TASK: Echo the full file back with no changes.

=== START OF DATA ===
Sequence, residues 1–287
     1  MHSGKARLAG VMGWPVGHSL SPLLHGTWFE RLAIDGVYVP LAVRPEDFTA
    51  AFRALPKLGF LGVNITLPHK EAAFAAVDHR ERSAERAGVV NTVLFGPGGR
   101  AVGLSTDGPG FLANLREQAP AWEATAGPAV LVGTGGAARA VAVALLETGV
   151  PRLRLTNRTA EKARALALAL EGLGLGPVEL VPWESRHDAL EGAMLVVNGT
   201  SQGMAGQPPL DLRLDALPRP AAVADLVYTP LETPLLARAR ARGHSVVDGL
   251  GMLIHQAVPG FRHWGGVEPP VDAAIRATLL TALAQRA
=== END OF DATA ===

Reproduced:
Sequence, residues 1–287
     1  MHSGKARLAG VMGWPVGHSL SPLLHGTWFE RLAIDGVYVP LAVRPEDFTA
    51  AFRALPKLGF LGVNITLPHK EAAFAAVDHR ERSAERAGVV NTVLFGPGGR
   101  AVGLSTDGPG FLANLREQAP AWEATAGPAV LVGTGGAARA VAVALLETGV
   151  PRLRLTNRTA EKARALALAL EGLGLGPVEL VPWESRHDAL EGAMLVVNGT
   201  SQGMAGQPPL DLRLDALPRP AAVADLVYTP LETPLLARAR ARGHSVVDGL
   251  GMLIHQAVPG FRHWGGVEPP VDAAIRATLL TALAQRA